A left-leaning think tank is criticizing Finance Minister Jim Flaherty for his latest secret summer meeting this week.
Every summer, Flaherty hosts a closed-door, off-the-record policy retreat with the who's-who of corporate Canada to discuss what Ottawa should do to give the economy a boost.
According to David Akin of Sun News, this year's guest list consisted of mostly Bay Street big whigs — representatives from TMX, Suncor, the Royal Bank — with a sprinkling of others (including a First Nations chief, a university president, a member from the United Way, and the Fraser Institute).
Akin claims that there were no union leaders invited this time but had been invited in the past.
That has raised the ire of the Broadbent Institute.
"This type of excessive cozying up to the commanding heights of corporate Canada is run of the mill for the Harper government. It fits into a much broader pattern of behaviour, one that consistently favours the corporate sector and also works to silence or marginalize critical voices (e.g the exclusion of groups such as unions in these types of meetings, the defunding of civil society, NGOs and organizations like the Welfare Council)," a spokesperson from Institute said in an email to Yahoo! Canada News.
"The failure to invite a union rep is disappointing but not surprising. The Harper government continues to attack working people and collective bargaining rights. Throughout its mandate, it has made a point of putting the interests of corporate profits over good, secure jobs, and fair wages for working people."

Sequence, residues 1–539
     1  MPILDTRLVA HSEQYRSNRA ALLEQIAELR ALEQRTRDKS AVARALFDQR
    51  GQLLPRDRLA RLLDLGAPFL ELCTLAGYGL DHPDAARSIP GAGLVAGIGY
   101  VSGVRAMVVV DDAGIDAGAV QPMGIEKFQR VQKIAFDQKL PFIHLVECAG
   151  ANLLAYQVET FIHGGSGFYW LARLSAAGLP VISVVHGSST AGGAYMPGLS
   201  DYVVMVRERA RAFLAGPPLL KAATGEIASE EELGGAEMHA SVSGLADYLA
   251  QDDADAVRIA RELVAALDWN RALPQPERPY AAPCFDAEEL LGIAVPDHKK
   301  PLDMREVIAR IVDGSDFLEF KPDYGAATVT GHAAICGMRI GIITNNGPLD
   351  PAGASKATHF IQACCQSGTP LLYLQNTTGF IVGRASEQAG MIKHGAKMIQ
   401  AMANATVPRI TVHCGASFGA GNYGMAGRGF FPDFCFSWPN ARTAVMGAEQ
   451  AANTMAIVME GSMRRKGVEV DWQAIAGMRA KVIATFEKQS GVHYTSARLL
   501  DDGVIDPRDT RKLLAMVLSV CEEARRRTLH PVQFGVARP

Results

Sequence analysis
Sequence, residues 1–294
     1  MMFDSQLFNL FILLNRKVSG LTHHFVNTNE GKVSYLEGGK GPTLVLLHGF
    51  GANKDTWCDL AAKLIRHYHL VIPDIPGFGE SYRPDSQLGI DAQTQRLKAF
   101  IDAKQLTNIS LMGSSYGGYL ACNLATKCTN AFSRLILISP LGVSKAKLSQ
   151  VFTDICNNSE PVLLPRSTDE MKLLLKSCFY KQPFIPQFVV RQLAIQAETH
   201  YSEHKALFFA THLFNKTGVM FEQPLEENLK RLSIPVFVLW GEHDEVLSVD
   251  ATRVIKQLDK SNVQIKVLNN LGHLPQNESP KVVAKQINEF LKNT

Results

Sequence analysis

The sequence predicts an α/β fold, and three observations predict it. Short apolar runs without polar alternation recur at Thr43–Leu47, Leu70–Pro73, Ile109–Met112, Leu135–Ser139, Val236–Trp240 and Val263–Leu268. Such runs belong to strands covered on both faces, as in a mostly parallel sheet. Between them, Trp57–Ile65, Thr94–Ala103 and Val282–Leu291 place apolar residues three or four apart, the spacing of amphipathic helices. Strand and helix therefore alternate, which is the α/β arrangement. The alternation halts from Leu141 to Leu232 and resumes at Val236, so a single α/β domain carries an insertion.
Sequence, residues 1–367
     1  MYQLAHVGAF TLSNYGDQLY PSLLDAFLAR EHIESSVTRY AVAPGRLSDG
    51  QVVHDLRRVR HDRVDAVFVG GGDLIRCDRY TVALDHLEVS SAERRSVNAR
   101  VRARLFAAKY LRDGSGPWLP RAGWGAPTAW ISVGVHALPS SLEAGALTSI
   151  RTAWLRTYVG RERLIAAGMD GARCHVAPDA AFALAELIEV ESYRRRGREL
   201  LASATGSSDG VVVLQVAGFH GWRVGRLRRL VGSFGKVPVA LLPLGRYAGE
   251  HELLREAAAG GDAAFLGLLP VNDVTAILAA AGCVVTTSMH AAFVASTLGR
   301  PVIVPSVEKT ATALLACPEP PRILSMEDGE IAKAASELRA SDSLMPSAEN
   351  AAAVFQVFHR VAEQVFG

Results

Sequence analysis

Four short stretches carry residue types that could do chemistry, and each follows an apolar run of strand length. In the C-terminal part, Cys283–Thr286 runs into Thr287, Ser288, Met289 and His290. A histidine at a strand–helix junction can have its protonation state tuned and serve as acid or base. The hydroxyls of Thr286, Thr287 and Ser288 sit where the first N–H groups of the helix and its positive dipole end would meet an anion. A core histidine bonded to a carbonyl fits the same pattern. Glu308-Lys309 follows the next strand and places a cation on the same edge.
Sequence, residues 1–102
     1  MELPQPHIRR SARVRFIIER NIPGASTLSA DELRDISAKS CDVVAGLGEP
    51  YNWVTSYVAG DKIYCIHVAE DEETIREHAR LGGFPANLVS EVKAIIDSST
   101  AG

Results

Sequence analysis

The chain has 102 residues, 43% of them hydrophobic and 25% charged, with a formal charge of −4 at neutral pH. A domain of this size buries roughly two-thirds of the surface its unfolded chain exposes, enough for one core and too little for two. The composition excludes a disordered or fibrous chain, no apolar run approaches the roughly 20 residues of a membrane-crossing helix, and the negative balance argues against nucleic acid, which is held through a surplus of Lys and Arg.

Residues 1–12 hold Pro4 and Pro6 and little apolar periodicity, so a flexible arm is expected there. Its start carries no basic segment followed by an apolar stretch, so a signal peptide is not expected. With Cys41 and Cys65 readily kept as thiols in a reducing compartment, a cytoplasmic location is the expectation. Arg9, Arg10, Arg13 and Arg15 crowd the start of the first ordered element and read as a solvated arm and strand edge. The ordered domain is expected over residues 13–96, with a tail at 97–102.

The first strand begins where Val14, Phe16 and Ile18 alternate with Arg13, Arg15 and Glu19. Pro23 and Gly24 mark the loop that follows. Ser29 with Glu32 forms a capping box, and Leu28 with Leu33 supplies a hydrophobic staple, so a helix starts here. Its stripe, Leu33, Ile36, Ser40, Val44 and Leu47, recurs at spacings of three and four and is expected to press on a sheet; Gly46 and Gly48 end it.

The Broadbent Institute is probably right to be a little miffed.
At the 2011 meeting, according to documents obtained by the Globe and Mail, corporate leaders urged the minister "to adopt measures to reduce the pay of Canadian workers, limit union power by enacting U.S.-style right-to-work legislation, and allow two-tier health care."
And while Akin notes that participants pay their own way to get to the retreat in the Gatineau Hills, there are questions about the appropriateness of such a meeting.
Should a special interest group (ie: corporate Canada) get that much 'face time' with our finance minister? Are labour groups, environmental groups and social activists getting the same time? How much is the Harper government influenced by these meetings in say decisions with regards to back-to-work legislation?
And finally, who makes the invitation list: a lowly bureaucrat or a party staffer who has a copy of the Conservative party donor list to guide him?
(Photo courtesy of the Canadian Press)
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